Santa Fe Opera Presents Huang Ruo's Sun Yat-sen

By emphasizing the love between Sun Yat-sen and Soong Ching-ling, Ruo showed us the human side of this universally revered modern Chinese leader. Writer Lindsley Miyoshi has quoted the composer as saying that the opera is “about four kinds of love.” It speaks of affection between friends, between parents and children, between lovers, and between patriots and their country.

Britten War Requiem - Andris Nelsons, CBSO, BBC Prom 47

In light of the 2012 half-centenary of the premiere in the newly re-built Coventry Cathedral of Benjamin Britten’s War Requiem, the 2013 centennial celebrations of the composer’s own birth, and this year’s commemorations of the commencement of WW1, it is perhaps not surprising that the War Requiem - a work which was long in gestation and which might be seen as a summation of the composer’s musical, political and personal concerns - has been fairly frequently programmed of late. And, given the large, multifarious forces required, the potent juxtaposition of searing English poetry and liturgical Latin, and the profound resonances of the circumstances of the work’s commission and premiere, it would be hard to find a performance, as William Mann declared following the premiere, which was not a ‘momentous occasion’.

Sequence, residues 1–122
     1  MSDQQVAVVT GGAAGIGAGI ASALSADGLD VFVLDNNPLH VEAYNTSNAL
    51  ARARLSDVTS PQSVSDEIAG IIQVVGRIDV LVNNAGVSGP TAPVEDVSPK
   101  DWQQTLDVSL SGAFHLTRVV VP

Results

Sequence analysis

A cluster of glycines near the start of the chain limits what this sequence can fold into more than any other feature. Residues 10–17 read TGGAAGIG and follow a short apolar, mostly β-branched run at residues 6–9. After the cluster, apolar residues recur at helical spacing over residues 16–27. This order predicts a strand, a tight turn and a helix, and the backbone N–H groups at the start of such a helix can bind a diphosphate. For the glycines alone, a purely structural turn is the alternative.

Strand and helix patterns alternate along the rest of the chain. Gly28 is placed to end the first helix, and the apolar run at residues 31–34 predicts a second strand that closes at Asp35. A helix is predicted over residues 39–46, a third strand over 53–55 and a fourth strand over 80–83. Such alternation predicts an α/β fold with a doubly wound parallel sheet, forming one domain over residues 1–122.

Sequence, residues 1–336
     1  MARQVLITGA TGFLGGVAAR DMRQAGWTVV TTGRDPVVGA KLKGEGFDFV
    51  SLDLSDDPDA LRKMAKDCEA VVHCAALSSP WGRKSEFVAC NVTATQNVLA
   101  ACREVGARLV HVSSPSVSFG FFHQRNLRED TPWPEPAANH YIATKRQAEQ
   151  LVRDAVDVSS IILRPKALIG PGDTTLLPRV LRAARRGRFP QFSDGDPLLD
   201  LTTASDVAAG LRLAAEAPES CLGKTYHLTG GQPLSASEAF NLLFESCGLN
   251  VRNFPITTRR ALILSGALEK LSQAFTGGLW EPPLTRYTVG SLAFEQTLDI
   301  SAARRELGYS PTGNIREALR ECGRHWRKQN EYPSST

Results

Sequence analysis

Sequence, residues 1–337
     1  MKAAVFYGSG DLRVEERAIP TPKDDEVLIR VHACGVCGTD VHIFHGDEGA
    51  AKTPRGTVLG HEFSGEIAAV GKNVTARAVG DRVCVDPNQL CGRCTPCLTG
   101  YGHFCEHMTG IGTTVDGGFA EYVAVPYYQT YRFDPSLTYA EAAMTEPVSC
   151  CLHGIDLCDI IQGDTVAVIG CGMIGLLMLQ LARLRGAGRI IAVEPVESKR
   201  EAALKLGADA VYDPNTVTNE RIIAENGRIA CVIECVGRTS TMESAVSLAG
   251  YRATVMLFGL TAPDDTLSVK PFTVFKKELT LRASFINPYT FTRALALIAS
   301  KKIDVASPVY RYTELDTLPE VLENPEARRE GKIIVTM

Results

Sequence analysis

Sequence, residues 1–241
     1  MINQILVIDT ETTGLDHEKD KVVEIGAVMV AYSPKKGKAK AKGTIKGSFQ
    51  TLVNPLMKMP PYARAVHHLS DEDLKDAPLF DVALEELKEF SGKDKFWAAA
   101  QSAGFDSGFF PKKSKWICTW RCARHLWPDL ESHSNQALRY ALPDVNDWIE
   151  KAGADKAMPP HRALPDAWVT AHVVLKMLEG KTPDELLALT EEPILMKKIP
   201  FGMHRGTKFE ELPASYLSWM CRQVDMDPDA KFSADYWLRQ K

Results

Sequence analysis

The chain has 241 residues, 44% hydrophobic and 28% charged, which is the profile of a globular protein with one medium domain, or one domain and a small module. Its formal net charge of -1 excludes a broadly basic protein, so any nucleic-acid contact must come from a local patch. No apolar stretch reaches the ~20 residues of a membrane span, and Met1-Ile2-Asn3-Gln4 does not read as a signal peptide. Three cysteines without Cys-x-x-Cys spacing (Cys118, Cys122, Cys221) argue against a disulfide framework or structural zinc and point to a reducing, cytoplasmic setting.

Santa Fe Opera Presents an Imaginative Carmen

Santa Fe opera has presented Carmen in various productions since 1961. This year’s version by Stephen Lawless takes place during the recent past in Northern Mexico near the United States border. The performance on August 6, 2014, featured Ana Maria Martinez as a monumentally sexy Gypsy who was part of a drug smuggling group.

Elgar Sea Pictures : Alice Coote, Mark Elder Prom 31

Sir Mark Elder and the Hallé Orchestra persuasively balanced passion and poetry in this absorbing Promenade concert. Elder’s tempi were fairly relaxed but the result was spaciousness rather than ponderousness, with phrases given breadth and substance, and rich orchestral colours permitted to make startling dramatic impact.

Berio Sinfonia, Shostakovich, BBC Proms

Although far from perfect, the performance of Berio’s Sinfonia in the first half of this concert was certainly its high-point; indeed, I rather wish that I had left at the interval, given the tedium induced by Shostakovich’s interminable Fourth Symphony. Still, such was the programme Semyon Bychkov had been intended to conduct. Alas, illness had forced him to withdraw, to be replaced at short notice by Vasily Petrenko.

Four countertenors : Handel Rinaldo Glyndebourne